Chloe says, 'Our sex life is amazing during the summer but come the final week of September it’s like a switch has been flicked off and we go from glad to sad'
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Chloe says, 'Our sex life is amazing during the summer but come the final week of September it’s like a switch has been flicked off and we go from glad to sad'Credit: Wayne Perry - The Sun

I planned Preston’s conception so he would be a summer baby and he came along in July 2015. Luna-Rose was also a “sunshine birth” when she arrived in August 2017.

Summer is when we do all our socialising. We are big entertainers and have friends over once or twice a week for a barbecue.

We love taking advantage of the extra sunshine. Every weekend, Ben and I try to take the kids to the beach.

We have a caravan and once a month we head out camping.

Our sex life is amazing during the summer. I love wearing summer dresses that show off my figure. And when I get a tan, I feel sexier. We exercise more and even getting my period is less miserable during the summer.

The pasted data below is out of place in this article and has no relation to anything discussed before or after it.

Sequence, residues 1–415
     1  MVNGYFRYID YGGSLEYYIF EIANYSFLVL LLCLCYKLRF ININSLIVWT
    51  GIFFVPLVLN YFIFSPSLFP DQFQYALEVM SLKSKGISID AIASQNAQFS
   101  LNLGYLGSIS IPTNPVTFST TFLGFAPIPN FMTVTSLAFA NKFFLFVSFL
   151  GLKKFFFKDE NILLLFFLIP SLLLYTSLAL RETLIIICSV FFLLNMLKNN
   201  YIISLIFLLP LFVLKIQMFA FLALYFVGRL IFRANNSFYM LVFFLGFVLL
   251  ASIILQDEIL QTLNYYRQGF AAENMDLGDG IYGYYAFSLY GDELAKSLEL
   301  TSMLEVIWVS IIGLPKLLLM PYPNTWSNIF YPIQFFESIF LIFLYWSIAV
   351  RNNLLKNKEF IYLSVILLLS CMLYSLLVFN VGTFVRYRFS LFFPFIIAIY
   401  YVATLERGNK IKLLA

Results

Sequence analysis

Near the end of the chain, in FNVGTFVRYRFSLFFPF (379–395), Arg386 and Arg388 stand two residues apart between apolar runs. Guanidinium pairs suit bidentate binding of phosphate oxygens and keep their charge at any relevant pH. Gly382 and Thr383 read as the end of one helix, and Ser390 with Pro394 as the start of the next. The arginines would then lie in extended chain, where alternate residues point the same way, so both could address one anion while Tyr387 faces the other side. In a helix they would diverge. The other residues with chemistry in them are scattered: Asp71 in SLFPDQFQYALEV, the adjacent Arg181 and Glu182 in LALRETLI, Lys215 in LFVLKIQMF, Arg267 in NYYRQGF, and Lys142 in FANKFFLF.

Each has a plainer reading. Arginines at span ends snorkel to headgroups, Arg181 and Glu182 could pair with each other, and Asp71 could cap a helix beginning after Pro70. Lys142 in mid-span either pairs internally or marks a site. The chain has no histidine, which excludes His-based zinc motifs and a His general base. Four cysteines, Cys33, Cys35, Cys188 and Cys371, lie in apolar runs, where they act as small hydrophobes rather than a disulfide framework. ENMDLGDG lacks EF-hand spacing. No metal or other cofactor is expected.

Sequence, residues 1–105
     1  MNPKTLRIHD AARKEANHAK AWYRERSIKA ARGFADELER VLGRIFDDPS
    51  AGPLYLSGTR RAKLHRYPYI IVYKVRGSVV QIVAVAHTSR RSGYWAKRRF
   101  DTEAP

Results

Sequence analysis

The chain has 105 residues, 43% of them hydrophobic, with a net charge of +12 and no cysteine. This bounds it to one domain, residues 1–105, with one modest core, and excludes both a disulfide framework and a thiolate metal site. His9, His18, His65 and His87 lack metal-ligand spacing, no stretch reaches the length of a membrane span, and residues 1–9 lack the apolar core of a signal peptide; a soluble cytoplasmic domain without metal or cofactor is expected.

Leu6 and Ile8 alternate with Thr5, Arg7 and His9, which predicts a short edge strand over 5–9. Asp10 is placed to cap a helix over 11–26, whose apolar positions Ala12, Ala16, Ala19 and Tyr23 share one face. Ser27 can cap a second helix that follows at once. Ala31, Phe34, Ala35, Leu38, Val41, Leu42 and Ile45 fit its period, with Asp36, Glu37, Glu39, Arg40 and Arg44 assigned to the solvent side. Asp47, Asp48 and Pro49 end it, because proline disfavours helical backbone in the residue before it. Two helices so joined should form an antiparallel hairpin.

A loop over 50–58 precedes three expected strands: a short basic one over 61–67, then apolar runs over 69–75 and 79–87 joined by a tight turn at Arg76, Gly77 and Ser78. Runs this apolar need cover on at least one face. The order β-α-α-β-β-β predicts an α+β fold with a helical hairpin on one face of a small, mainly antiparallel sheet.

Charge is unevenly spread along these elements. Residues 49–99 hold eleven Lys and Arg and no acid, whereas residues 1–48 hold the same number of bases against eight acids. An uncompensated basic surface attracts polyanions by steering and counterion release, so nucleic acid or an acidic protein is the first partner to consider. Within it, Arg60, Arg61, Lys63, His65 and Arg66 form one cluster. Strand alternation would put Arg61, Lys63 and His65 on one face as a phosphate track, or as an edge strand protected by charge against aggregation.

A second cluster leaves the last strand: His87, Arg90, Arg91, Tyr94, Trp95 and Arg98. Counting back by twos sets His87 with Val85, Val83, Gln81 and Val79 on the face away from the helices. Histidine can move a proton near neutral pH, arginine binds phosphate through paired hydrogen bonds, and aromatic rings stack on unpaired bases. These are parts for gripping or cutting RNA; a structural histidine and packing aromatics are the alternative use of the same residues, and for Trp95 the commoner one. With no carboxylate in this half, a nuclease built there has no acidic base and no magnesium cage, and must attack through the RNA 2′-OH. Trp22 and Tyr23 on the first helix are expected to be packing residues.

I work overnight shifts for the NHS, so with early sunrises and later sunsets I get home with time to enjoy the day.

From glad to sad

But every year, come the final week of September, it’s like a switch has been flicked off and we go from glad to sad.

Things that seemed easier the week before suddenly become a drudge.

It’s more noticeable where we live because we are close to the sea.

The darker mornings play havoc with the kids’ schedules. They are hard to wake up and there is always grumbling to find coats and boots for nursery.

Socially, we go into hibernation. Playdates we enjoyed in the summer are almost impossible to organise.

Once the kids are in bed, if I am not working I wear extra-thick pyjamas and spend the evenings watching Netflix.